Chinese New Year!

This Chinese New Year we welcomed the Year of the Dragon!

There were lots of sweets 🙂

And Pineapple Tarts :P~

We gave and received red packets.

And Mandarin Oranges too!

We cooked and ate delicious steamboat on Chinese New Year’s Eve.

We also went shopping for plants and sold our laziness. This is Steve. Say “Hi!” Steve.

We watched Lion Dance performances.

And tossed Yu Sheng.

It was so much fun and I can’t wait til next year to do it all over again 🙂


Apologies and Best Wishes!

Apologies first, as some of you may know I got married in December, and the effort required to finish organising and preparing for the big day kept me a little bit too occupied to make any posts. Now that it’s all over and done with and I am enjoying married life, I will do my best to make more time to eat and post (especially the eat part :P).

Best wishes to all my readers for the new year ahead. May 2012 bring you health, wealth, happiness, travel and many meals that are Damn Shiok!


I’m a big fan of popiah, and I’ll even admit that when there was a good popiah stall near my work, I would often have it for dinner several nights a week. Sadly that stall closed down, but I still often eat popiah when I find a good stall, or my wife and I will share one popiah as a side dish to our main dishes at some of our local foodcourts.

Popiah means “thin wafer” and this refers to the thin, crepe-like skin which is spread with a sweet sauce and chili and is wrapped around the delicious filling. The filling is mainly made up finely grated turnip, which has been cooked with other ingredients such as bean sprouts, french beans and lettuce leaves and sometimes grated carrots. Often hard-boiled egg or sliced omelette is added to this filling, as well as finely chopped peanut before the whole thing is rolled up tight like a fresh spring roll, and then sliced before serving.

The same or a very similar filling to that used in popiah is also used in Kueh Pie Tee, a small crispy pastry cup which is then stuffed with filling. As such, it is common for popiah stalls to also sell kueh pie tee.

Two freshly made popiah rolls packaged to take-away (da bao).

Popiah is of Fujian/Teochew origins and so it is commonly eaten in those areas of China, as well as in Singapore, Malaysia and Taiwan. It is quite common in Singapore for people to have Popiah Parties, in which all the popiah ingredients are provided and guests are able to make their own popiah if they like.

While popiah perhaps isn’t as common as some of the other foods I have mentioned, there are still many stalls that sell popiah. And for as little as $1.50 per roll I definitely recommend you give this sweet, tasty delicacy a try.

Yong Tau Foo!

Yong Tau Foo is another very common dish found in foodcourts all over Singapore. Like most Singaporean food, there is a variety of styles and many different ways to have it, however this dish is even more variable than most due to the way in which you buy it. The name Yong Tau Foo means ‘stuffed bean curd’ and this relates to the origin of the dish which began as tofu stuffed with a meat paste of fish and pork but has since expanded to included a wide range of options.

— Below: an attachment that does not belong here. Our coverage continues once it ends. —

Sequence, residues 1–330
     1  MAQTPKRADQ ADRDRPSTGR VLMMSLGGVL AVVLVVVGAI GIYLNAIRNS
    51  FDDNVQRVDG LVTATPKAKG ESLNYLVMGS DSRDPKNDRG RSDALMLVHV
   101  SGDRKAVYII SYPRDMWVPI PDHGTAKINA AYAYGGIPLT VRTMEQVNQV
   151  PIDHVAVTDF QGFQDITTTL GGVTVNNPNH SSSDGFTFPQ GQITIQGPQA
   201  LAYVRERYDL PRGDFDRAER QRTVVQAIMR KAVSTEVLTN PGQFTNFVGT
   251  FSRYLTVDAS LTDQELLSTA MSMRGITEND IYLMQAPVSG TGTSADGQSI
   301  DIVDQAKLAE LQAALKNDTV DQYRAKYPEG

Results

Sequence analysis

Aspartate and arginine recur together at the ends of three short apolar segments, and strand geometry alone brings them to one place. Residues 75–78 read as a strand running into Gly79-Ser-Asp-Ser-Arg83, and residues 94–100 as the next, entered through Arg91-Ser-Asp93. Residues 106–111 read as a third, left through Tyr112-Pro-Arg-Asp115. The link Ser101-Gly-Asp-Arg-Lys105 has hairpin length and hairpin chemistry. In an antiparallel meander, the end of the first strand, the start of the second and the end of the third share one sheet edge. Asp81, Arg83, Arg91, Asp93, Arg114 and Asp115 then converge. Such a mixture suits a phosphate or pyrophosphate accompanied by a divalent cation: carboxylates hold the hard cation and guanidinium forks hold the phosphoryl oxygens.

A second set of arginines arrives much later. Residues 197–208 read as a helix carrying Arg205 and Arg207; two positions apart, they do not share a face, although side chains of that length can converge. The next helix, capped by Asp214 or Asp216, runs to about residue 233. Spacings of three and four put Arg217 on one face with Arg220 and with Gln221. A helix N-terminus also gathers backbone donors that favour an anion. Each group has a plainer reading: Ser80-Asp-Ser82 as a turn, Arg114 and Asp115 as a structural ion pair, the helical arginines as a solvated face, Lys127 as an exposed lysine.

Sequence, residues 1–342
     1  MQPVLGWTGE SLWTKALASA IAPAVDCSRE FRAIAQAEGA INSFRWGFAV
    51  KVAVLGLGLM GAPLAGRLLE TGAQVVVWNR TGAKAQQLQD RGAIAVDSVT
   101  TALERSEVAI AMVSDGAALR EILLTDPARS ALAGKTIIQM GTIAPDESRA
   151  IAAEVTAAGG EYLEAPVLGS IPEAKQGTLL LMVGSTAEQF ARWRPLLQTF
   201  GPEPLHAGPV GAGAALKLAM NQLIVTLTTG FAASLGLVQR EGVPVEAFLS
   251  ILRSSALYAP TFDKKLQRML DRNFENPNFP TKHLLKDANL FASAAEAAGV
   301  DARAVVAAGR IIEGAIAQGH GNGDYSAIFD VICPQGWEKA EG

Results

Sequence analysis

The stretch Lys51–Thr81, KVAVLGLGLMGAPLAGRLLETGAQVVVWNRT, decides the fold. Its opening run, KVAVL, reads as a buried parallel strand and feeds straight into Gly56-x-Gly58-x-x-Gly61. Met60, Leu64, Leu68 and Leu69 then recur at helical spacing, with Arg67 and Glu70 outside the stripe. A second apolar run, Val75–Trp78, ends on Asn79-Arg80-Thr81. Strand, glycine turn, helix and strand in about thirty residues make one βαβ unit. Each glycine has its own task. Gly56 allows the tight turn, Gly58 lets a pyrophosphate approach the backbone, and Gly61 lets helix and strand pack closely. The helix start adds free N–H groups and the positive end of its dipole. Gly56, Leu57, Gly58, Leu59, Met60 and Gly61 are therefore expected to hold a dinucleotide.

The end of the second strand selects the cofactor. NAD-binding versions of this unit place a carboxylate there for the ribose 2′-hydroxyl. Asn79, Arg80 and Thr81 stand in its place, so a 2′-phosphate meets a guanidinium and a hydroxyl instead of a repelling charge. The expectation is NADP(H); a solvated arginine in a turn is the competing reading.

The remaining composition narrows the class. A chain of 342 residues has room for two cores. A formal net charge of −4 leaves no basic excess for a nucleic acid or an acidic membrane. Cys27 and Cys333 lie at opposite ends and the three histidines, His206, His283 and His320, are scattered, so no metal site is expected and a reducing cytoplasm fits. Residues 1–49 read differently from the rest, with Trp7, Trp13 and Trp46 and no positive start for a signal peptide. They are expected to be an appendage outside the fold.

Basic Yong Tau Foo is essentially a clear soup served with a variety of vegetables and other foods, along with a choice of noodles in the soup, or rice alongside it and it is generally eaten with chopsticks and a spoon.

Your usual Yong Tau Foo stall will somewhat resemble the salad bar at an all you can eat buffet, there will be several shelves displaying many bowls and platters containing some seafood, fishballs, tofu, hard-boiled eggs, and a variety of fresh vegetables, some of which are stuffed with meat paste. There is usually a stack of bowls and tongs handy, so all you need to do is select the food you would like (6 or 7 items are usually included in the standard price), put them in your bowl and hand them over to the aunty or uncle doing the cooking. You will also need to let them know whether you want rice or noodles, and what type of noodles, and whether you would like it wet or dry (with or without soup).  They will then chop up any bigger pieces of food, boil up the food and noodles, throw it back in the bowl and cover it with soup. Make sure you to grab yourself some chilli and brown sauce to go with it.

A steaming hot bowl of Yong Tau Foo with carrot, tomato, tofu, fried hard-boiled egg, brinjal, kang kong, and bee hoon noodles, topped with beans and spring onion.

Because there are so many options with Yong Tau Foo, it is not uncommon for two bowls two look very different depending on your choice of ingredients. The bowl below contains broccoli, chinese cabbage, tofu, hard-boiled egg, okra (ladies fingers), a green chili and bee hoon noodles.

As well as the standard soup or dry option, many stalls will also give you the choice to have your Yong Tau Foo in a laksa soup, a curry gravy or Ampang style, which originates in Ampang Malaysia and is served in a brown gravy-like sauce. For good Ampang Yong Tau Foo I recommend Ngee Fou Restaurant on Upper Thomson Road.